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Tomomi Ota pushes a cart loaded with her humanoid robot Pepper in Sunday afternoon for her weekly walk with Pepper in Tokyo in Tokyo, Japan, on November 27, 2016. Reaching 120cm in height and 28 kilograms in weight, Pepper does not enter in the category of ‘portable’ robot. But those characteristics don’t stop Tomomi Ota to take Pepper in a cart to stroll in her neighborhood, go shopping or even take the subway. In June 2014, when Pepper was presented for the first time by Japanese telecommunications and Internet corporation Softbank at a press event, Tomomi looked at the presentation via a live broadcast on Ustream. While some people were ‘scared’ or reluctant by the new humanoid robot, curiosity pushed her to apply at a lottery sales for the first lot of 200 Pepper. She was lucky enough to acquire then a ‘Developer’s Pepper’, the first models of the robots which need to be programmed by the users. Pepper entered Tomomi’s home in November 2014 and was soon adopted by her parents to become a member of the family. Having degrees in media design and music, Tomomi had to learn programming and her efforts deepened her bonds with her new friend. Capable of reading human emotions and to adapt to his interlocutor, the robot created by Aldebaran Robotics and SoftBank Robotics is now used as customer service in stores and 1000 units are sold out in minutes after being on sale every month. Pepper is making his way to Japanese homes but few can enjoy so much outdoor like Tomomi’s one. Asked if she isn’t worried of damaging her robot friend during her activities, the 30-year-old said that she is taking extra care as she couldn’t imagine being separated two months from Pepper, the average time needed for a repair. Tokyo, JAPAN 27 November 2016.
Copyright
Nicolas Datiche
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5000x3333 / 2.2MB
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Tomomi and Pepper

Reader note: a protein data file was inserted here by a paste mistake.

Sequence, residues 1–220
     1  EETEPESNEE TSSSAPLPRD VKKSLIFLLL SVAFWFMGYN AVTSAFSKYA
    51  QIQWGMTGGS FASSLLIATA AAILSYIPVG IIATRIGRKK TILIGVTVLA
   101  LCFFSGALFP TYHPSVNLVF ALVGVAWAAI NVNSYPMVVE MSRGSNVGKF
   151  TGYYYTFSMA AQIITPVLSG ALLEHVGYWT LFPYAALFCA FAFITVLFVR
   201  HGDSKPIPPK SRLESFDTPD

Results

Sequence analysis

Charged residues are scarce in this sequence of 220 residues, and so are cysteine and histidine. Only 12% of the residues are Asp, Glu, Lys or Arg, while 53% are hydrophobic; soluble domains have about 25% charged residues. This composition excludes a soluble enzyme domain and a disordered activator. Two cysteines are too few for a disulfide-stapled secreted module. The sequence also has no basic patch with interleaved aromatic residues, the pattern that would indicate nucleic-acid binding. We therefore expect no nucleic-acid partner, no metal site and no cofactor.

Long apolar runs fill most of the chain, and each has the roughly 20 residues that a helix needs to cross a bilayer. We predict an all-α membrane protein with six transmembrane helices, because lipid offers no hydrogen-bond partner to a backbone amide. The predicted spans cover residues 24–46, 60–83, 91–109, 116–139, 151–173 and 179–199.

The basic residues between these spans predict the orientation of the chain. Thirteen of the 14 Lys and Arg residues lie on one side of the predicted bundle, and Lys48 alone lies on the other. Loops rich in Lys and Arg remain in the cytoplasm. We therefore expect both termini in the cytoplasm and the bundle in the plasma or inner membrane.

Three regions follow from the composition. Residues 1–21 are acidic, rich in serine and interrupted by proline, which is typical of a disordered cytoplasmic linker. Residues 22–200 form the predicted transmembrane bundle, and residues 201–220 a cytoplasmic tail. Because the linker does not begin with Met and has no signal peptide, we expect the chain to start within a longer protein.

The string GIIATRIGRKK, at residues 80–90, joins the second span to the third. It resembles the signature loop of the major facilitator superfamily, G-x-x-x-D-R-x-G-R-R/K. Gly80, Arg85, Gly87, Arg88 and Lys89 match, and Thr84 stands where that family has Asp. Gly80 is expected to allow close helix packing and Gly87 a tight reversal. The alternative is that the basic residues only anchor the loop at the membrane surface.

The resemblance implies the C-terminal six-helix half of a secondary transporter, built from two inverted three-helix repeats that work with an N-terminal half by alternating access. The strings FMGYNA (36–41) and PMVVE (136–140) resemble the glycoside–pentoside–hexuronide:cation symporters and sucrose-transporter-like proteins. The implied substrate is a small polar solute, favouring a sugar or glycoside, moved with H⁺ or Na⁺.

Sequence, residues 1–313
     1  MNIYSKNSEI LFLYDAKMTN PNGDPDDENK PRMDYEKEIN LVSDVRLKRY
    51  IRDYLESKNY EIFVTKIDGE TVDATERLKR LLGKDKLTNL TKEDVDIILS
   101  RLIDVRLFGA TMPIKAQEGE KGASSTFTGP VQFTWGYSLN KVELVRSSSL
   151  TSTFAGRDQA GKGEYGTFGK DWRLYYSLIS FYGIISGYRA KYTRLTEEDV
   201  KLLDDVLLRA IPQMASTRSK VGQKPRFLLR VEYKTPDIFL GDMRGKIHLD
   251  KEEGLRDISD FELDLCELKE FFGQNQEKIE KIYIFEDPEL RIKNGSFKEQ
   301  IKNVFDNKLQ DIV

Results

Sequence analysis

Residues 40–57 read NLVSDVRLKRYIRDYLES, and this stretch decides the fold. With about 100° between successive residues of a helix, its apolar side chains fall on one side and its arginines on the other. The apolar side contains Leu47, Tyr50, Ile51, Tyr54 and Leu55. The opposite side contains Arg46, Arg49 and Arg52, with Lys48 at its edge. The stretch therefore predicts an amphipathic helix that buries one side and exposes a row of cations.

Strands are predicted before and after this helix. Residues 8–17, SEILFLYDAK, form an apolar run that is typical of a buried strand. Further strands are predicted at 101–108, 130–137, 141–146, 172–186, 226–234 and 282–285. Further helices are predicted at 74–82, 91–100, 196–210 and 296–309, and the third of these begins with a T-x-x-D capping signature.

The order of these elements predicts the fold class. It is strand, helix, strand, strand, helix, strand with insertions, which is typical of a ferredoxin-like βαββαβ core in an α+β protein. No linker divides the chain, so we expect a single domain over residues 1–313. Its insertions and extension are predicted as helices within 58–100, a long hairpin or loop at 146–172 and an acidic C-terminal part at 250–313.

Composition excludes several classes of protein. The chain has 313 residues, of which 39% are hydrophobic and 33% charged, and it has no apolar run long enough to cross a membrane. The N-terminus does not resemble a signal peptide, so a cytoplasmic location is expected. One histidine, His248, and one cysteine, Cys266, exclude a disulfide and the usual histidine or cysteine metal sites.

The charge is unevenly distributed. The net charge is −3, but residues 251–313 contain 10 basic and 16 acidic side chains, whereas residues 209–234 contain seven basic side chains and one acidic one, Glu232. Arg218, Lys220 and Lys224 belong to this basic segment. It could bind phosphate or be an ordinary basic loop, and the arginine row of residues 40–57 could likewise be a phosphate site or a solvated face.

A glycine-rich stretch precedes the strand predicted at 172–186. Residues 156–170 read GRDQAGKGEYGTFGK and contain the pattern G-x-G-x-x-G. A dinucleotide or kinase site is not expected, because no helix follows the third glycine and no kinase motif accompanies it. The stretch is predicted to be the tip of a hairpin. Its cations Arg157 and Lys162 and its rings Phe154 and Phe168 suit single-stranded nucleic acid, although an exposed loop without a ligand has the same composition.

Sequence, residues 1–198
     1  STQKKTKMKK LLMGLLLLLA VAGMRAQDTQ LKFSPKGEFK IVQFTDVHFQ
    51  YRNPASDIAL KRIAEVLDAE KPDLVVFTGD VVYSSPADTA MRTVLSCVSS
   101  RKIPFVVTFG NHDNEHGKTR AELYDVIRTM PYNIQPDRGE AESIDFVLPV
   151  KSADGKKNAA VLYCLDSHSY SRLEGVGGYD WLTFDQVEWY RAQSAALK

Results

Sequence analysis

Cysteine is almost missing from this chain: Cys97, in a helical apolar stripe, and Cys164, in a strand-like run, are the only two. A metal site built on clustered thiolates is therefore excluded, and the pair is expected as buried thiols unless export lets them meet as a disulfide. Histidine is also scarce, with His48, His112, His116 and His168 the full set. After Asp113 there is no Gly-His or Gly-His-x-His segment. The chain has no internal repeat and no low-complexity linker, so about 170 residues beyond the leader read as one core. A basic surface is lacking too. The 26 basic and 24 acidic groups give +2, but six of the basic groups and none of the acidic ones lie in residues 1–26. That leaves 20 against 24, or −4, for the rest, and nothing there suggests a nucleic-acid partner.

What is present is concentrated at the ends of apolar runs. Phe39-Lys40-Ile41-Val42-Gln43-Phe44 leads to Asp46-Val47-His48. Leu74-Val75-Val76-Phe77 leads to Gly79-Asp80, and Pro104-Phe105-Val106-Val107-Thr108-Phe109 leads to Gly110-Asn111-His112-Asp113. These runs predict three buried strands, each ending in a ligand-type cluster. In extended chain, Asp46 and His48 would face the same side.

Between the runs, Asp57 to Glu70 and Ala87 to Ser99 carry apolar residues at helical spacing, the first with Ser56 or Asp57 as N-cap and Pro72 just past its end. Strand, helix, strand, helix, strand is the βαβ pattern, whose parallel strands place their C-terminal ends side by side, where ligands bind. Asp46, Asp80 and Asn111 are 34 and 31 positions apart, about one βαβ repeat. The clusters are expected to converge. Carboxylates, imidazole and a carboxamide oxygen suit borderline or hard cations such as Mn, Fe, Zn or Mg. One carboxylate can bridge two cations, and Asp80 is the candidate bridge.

Tomomi Ota pushes a cart loaded with her humanoid robot Pepper in Sunday afternoon for her weekly walk with Pepper in Tokyo in Tokyo, Japan, on November 27, 2016. Reaching 120cm in height and 28 kilograms in weight, Pepper does not enter in the category of ‘portable’ robot. But those characteristics don’t stop Tomomi Ota to take Pepper in a cart to stroll in her neighborhood, go shopping or even take the subway. In June 2014, when Pepper was presented for the first time by Japanese telecommunications and Internet corporation Softbank at a press event, Tomomi looked at the presentation via a live broadcast on Ustream. While some people were ‘scared’ or reluctant by the new humanoid robot, curiosity pushed her to apply at a lottery sales for the first lot of 200 Pepper. She was lucky enough to acquire then a ‘Developer’s Pepper’, the first models of the robots which need to be programmed by the users. Pepper entered Tomomi’s home in November 2014 and was soon adopted by her parents to become a member of the family. Having degrees in media design and music, Tomomi had to learn programming and her efforts deepened her bonds with her new friend. Capable of reading human emotions and to adapt to his interlocutor, the robot created by Aldebaran Robotics and SoftBank Robotics is now used as customer service in stores and 1000 units are sold out in minutes after being on sale every month. Pepper is making his way to Japanese homes but few can enjoy so much outdoor like Tomomi’s one. Asked if she isn’t worried of damaging her robot friend during her activities, the 30-year-old said that she is taking extra care as she couldn’t imagine being separated two months from Pepper, the average time needed for a repair. Tokyo, JAPAN 27 November 2016.